The flywheel is an essential part of the clutch system in your car or truck. It is bolted to the clutch pressure plate and helps to reduce vibrations from the rotating crankshaft. It is also used by the starter motor to turn the engine on startup to generate the compression needed to start the engine.
The symptoms of a bad flywheel can include difficulty changing gears, a burning smell, a judder in the clutch pedal, a slipping clutch and a vibration in the clutch straight after releasing the clutch pedal.
A properly functioning clutch flywheel is essential when it comes to keeping your car going. If the flywheel is faulty, you will not be able to change gears and the car won’t run as smooth as it should.
It can be difficult to pinpoint problems with the flywheel as it is hidden away in the clutch assembly. It can also be expensive to repair, and if it needs to be replaced the entire clutch will usually be replaced too.
In this article I’ll explain the common symptoms of a bad flywheel and whats involved in fixing it, including approximate costs.
4 Signs Of A Bad Flywheel You Shouldn’t Ignore
How do you know if the flywheel in your car is worn out?
The flywheel plays a central role in operation of the clutch. If it starts to fail, you’ll almost certainly begin to notice that there is something wrong with the clutch.
Usually, the early signs of a bad flywheel are strange noises and a rough feeling from the vehicle when changing gears. This is because when a flywheel starts to fail it will loose it’s smoothness and will start to vibrate.
As the flywheel wears out, it will really start to impact the smooth operation of the clutch and gearbox, and you will definitely notice a problem when you are trying to select a gear, especially when you are accelerating.
When accelerating, the flywheel is put under more strain as the crankshaft speeds up. The faster the crankshaft rotates, the greater the rotational torque on the flywheel. This will amplify the symptoms of the failing flywheel and will usually cause strange noises and a rough ride when you are moving up through the gears.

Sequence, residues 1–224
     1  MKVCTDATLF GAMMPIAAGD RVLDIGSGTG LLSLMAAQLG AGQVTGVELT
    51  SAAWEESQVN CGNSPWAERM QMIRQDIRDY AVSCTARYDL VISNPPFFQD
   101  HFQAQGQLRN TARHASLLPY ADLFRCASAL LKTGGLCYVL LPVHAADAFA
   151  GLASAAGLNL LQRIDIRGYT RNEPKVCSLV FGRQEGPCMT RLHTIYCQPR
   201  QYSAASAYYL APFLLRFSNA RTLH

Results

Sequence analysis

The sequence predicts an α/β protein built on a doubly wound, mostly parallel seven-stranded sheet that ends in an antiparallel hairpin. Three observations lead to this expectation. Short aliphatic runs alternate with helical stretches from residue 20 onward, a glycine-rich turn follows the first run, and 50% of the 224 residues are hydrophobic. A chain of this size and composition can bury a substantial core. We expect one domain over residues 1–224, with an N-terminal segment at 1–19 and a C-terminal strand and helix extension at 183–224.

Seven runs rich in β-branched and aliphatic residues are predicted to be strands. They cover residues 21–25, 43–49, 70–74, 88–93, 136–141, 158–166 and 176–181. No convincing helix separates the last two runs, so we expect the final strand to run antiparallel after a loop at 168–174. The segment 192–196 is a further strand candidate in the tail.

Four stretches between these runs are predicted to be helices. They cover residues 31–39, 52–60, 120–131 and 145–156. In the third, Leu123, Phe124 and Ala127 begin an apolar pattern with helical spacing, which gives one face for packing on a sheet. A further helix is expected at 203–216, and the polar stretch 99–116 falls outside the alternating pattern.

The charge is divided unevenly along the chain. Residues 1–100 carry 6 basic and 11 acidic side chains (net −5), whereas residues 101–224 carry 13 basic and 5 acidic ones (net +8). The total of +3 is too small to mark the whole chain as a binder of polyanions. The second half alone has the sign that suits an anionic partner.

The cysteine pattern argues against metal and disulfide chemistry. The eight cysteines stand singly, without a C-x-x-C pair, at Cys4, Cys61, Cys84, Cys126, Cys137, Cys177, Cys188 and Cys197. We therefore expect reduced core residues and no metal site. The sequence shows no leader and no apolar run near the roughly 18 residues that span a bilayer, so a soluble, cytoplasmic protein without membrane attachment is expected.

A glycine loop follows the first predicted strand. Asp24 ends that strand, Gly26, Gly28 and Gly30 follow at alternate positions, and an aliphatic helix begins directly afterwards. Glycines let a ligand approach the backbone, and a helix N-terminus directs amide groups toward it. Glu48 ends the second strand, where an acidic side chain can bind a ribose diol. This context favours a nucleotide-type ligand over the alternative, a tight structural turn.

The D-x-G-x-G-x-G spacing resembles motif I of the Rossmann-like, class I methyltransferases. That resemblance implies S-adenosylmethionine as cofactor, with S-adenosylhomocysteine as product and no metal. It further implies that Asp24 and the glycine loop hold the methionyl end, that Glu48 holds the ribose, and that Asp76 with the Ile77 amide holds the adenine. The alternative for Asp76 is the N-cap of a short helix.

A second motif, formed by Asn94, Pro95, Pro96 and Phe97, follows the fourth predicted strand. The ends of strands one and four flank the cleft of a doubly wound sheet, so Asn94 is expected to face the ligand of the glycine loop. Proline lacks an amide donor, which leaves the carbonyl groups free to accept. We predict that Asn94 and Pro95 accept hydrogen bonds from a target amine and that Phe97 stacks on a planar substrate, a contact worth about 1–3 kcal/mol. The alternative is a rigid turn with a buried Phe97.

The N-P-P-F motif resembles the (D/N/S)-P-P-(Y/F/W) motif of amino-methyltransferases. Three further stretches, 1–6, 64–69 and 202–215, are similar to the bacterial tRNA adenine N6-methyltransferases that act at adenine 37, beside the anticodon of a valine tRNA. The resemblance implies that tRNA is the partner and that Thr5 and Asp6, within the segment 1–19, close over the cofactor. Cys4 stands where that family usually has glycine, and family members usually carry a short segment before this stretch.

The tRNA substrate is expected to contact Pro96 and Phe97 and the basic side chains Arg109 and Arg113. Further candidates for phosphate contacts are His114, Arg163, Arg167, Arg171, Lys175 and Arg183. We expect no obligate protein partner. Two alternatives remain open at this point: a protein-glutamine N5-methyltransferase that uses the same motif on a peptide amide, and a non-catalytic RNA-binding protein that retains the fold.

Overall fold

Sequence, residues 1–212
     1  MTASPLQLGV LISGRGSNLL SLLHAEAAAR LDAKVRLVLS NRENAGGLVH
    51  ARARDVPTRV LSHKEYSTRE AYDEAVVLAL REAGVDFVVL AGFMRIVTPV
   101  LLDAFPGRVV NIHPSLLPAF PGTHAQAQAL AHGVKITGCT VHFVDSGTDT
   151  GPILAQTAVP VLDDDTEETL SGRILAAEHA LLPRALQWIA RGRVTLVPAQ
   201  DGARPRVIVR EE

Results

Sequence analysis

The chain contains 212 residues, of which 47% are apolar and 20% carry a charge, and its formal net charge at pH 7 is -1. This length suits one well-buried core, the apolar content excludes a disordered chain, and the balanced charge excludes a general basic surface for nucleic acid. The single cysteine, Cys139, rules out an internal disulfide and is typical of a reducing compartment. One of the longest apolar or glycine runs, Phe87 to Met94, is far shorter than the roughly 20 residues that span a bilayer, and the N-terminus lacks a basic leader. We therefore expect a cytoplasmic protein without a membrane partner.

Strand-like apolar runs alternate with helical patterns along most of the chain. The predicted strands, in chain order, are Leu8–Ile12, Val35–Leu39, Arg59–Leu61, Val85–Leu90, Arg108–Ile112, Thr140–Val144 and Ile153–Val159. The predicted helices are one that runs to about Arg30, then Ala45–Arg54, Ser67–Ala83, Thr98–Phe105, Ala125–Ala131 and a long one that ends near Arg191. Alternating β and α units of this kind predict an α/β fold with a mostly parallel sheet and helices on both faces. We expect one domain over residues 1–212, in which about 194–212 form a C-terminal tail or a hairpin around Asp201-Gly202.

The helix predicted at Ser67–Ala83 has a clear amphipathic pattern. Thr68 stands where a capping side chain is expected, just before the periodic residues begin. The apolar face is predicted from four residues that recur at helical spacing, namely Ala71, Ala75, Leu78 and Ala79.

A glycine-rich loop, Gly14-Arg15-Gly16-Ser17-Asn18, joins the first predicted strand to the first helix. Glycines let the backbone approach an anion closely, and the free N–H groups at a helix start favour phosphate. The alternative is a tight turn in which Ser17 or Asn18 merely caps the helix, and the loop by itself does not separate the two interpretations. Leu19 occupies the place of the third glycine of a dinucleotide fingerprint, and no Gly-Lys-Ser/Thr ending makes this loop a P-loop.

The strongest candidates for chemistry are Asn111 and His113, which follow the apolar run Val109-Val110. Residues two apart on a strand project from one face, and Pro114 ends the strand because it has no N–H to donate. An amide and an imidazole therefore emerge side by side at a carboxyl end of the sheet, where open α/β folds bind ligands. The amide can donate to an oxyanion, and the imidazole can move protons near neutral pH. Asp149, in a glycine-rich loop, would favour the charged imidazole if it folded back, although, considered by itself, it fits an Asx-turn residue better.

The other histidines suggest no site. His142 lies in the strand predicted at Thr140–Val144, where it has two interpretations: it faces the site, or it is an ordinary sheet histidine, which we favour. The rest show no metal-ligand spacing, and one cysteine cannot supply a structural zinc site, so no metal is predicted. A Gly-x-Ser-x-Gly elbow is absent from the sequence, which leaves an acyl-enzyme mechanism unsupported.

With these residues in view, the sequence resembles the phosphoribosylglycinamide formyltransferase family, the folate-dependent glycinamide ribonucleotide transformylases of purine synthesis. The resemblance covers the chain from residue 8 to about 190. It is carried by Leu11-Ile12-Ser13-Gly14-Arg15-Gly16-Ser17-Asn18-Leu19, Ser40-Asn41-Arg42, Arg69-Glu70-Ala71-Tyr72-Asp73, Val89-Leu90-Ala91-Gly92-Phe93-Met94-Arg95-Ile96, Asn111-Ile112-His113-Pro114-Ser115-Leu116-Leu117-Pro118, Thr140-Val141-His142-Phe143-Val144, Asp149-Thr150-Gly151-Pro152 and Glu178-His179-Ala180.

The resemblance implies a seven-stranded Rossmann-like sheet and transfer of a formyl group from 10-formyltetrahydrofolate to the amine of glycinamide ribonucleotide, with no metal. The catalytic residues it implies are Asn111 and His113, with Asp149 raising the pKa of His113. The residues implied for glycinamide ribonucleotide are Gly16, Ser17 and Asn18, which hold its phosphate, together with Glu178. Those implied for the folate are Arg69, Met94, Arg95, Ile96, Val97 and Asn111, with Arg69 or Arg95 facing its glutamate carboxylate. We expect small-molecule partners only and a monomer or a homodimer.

The most common symptoms of a failing flywheel are most obvious when changing gears. A failing flywheel will usually cause a clutch to chatter, slip and eventually wear out.
Here are a few flywheel failure symptoms in more detail:
1. The Clutch Will Slip When In Gear
If you experience a slight lack of power or a surging engine straight after you change gears, this can be a sign of a slipping clutch. It is also possible for a worn clutch to slip when driving under load or up a steep hill.
A worn clutch plate
The clutch slipping, is caused by a worn clutch plate or problem with clutch pressure plate, the release bearing or the flywheel. In many cases, a faulty flywheel will cause the clutch friction disc to wear out early.
If the flywheel is not spinning smoothly or is causing jerky gear changes, this can damage the clutch plate, leading eventually to a slipping clutch. This is why it is important to inspect the flywheel for damage or faults when performing a clutch replacement.
2. It’s Difficult To Change Gear
A vehicle with a failing flywheel can be more difficult to drive as it can be harder to change gears. This is because the clutch plate is not fully disengaging from the flywheel when you press the clutch pedal.
There can be many reasons why the clutch plate doesn’t move fully. It can be caused by a lack of clutch fluid causing low pressure. It can also be caused by a bad clutch release bearing.
If the flywheel is causing the problem, then this is usually because it’s cracked or warped. A cracked flywheel will warp slightly at higher speeds and this can cause problems when trying to change gear.
The problem can also be caused by a failed pilot bearing. When the clutch is disengaged, the pilot bearing allows the flywheel to maintain engine speed as the input shaft is slowing down and stopping. If a pilot bearing has failed then the input shaft is no longer held in place and can move around making it difficult to select a gear.
3. There’s A Vibration In The Clutch Pedal
A vibration in the clutch pedal is caused be a worn clutch plate that does not sit flat against the flywheel.
This can be caused by a bad flywheel that is vibrating as it has warped or cracked. The damaged flywheel causes the clutch plate to wear unevenly and this will stop them from engaging fully.
A vibrating clutch pedal is often worse when accelerating or just after you change gears. This is because the crankshaft is increasing in speed and the extra torque and engine vibrations are absorbed by the flywheel and passed to the clutch plate when you take your foot off the pedal.